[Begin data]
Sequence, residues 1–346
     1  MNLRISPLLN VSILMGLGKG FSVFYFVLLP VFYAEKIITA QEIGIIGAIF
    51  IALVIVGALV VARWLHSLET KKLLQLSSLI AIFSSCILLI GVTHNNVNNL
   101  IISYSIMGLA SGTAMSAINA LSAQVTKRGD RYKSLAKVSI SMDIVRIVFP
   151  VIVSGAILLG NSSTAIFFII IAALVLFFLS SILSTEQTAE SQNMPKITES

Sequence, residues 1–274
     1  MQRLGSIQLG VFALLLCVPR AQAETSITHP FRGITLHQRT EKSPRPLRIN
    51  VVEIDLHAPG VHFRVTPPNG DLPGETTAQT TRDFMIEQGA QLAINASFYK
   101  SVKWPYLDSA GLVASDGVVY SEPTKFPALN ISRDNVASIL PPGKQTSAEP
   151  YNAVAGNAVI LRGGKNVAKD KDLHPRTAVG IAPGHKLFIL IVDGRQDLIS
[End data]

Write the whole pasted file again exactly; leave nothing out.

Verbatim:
Sequence, residues 1–346
     1  MNLRISPLLN VSILMGLGKG FSVFYFVLLP VFYAEKIITA QEIGIIGAIF
    51  IALVIVGALV VARWLHSLET KKLLQLSSLI AIFSSCILLI GVTHNNVNNL
   101  IISYSIMGLA SGTAMSAINA LSAQVTKRGD RYKSLAKVSI SMDIVRIVFP
   151  VIVSGAILLG NSSTAIFFII IAALVLFFLS SILSTEQTAE SQNMPKITES

Sequence, residues 1–274
     1  MQRLGSIQLG VFALLLCVPR AQAETSITHP FRGITLHQRT EKSPRPLRIN
    51  VVEIDLHAPG VHFRVTPPNG DLPGETTAQT TRDFMIEQGA QLAINASFYK
   101  SVKWPYLDSA GLVASDGVVY SEPTKFPALN ISRDNVASIL PPGKQTSAEP
   151  YNAVAGNAVI LRGGKNVAKD KDLHPRTAVG IAPGHKLFIL IVDGRQDLIS